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“The victims are legitimately in love, legitimately care for this person. They’re thinking emotionally, not cognitively.” In some cases, victims have bought wedding dresses, engagement rings or made wedding plans with someone they’ve never met, Nofziger says.“The victims often don’t have doubts because scammers are so good at nurturing relationships,” says Todd Kossow, director of the Midwest region of the Federal Trade Commission, which collects scam reports.
Unfortunately, scammers post fake profiles and pictures on these same sites in hopes of finding deep pockets.
Don’t disclose your last name, your address, your place of work or other personal details until you meet your love interest in person. You also can copy portions of emails a love interest has sent and use an online search engine to see if the text appears elsewhere, because many scammers work off scripts, Nofziger says.
Also, copy his or her photo and do an image search to see if anyone else shows up with that photo, Nofziger says.
Experts said the scammers will operate in teams and may work off scripts. Army Criminal Investigation Command has issued warnings about scammers who claim to be military members.
Their correspondence may contain spelling and grammatical errors. Spokesman Christopher Grey says the Army receives several dozen calls each week about scammers who purport to be in the military.
If you’re already smitten, you may wire funds to the scammer – no questions asked.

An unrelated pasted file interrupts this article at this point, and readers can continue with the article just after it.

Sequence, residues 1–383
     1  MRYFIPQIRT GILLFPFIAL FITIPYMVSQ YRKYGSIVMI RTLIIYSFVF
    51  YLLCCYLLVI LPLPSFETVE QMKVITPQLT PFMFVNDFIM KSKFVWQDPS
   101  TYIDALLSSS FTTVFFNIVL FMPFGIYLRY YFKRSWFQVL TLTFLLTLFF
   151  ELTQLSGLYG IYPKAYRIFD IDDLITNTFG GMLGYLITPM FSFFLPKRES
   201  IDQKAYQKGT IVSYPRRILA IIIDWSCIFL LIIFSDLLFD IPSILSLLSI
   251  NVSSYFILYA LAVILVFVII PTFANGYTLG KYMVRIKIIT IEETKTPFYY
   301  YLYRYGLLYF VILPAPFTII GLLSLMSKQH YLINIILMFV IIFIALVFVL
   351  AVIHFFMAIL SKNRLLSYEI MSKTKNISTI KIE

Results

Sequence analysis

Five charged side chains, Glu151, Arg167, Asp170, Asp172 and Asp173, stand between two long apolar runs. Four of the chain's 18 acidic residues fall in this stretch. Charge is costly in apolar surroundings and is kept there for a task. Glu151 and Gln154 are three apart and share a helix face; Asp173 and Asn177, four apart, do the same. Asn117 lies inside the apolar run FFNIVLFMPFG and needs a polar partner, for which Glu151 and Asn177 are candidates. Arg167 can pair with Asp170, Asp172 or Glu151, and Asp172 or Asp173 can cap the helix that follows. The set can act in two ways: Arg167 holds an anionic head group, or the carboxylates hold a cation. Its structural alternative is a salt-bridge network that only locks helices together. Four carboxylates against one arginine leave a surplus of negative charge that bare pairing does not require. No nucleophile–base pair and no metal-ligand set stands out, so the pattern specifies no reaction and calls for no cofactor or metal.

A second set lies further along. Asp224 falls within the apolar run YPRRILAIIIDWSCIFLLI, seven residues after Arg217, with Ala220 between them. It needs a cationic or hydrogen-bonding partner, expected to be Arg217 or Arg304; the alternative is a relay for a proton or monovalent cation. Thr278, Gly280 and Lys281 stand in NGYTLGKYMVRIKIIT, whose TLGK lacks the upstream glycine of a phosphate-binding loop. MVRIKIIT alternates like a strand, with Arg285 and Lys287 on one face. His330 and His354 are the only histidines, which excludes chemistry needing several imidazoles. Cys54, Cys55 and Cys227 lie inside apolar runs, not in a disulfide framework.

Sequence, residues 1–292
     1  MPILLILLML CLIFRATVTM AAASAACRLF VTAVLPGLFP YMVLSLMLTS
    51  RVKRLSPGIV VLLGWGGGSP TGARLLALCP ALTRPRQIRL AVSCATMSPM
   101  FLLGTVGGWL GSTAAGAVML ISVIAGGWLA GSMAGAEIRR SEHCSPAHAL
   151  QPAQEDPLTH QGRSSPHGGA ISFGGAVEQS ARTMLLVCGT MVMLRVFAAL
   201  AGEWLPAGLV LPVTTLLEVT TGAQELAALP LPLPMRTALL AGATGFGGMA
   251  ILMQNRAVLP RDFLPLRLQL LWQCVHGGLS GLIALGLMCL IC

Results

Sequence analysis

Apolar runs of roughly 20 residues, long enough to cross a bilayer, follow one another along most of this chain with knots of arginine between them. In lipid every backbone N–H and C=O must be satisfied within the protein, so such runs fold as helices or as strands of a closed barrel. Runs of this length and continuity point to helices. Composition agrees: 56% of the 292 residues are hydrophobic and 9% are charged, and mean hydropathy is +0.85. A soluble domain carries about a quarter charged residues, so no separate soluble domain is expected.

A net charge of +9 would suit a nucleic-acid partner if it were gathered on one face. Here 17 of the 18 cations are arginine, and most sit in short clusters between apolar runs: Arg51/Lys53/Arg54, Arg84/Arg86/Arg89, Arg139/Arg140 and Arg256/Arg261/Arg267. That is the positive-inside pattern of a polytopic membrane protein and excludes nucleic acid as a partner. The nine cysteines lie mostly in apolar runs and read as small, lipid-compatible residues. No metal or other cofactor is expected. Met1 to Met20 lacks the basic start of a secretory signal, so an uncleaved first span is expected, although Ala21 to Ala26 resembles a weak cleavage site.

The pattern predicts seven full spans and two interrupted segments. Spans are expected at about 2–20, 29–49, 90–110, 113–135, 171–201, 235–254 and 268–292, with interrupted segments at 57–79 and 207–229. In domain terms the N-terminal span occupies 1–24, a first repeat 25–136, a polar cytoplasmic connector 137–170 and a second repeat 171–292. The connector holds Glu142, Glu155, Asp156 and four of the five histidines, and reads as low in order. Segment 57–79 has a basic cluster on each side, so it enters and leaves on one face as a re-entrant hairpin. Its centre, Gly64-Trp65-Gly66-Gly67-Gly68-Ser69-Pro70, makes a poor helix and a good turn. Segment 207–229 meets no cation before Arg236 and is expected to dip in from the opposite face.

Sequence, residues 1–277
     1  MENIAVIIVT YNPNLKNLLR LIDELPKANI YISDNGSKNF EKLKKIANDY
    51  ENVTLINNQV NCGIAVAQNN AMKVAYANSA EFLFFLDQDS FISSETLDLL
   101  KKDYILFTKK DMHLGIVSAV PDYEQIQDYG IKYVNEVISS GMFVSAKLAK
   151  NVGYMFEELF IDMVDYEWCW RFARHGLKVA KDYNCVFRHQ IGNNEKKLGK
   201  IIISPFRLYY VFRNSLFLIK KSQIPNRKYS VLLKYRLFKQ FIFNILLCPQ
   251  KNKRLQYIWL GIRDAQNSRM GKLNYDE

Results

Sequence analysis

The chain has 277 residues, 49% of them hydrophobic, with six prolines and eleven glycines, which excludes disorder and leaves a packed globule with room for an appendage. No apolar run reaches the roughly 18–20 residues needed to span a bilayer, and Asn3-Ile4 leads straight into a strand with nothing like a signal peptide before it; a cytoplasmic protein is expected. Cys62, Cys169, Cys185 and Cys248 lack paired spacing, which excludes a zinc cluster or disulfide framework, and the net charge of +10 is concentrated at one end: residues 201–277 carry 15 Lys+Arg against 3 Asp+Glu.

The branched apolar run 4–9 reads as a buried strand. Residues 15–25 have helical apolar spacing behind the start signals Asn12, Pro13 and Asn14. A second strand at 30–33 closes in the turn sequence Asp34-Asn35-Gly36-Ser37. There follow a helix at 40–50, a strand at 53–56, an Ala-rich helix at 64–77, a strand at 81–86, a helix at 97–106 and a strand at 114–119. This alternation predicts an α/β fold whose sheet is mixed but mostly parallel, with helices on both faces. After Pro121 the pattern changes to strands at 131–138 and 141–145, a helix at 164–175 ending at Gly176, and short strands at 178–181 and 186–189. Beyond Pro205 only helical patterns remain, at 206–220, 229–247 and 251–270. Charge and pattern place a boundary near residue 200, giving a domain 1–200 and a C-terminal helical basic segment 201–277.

“They are caught in the scammer’s web,” Nofziger says.
Other dangers: sextortion and worse If you’re all dreamy about your online love, you may be vulnerable to sextortion, a form of blackmail, Sluppick says.
Don’t let yourself be persuaded to take off your clothes and perform sex acts in front of your computer, as all of this is often being filmed by the scammer.
They work around the clock, and will keep you up all night communicating, she says. The romance scammers often will steal a military member’s photo from social media sites or press releases, Grey says, and may even use the military member’s name in their online profiles.
“They get the victim in a fog so she’s no longer thinking clearly.” It’s not unusual for scammers to claim they’re in the military. Even senior Department of Defense leaders have had their identities stolen by these fraudsters.
The scammer transfers stolen money into the account, then asks you to wire it out of the country, the FTC warns.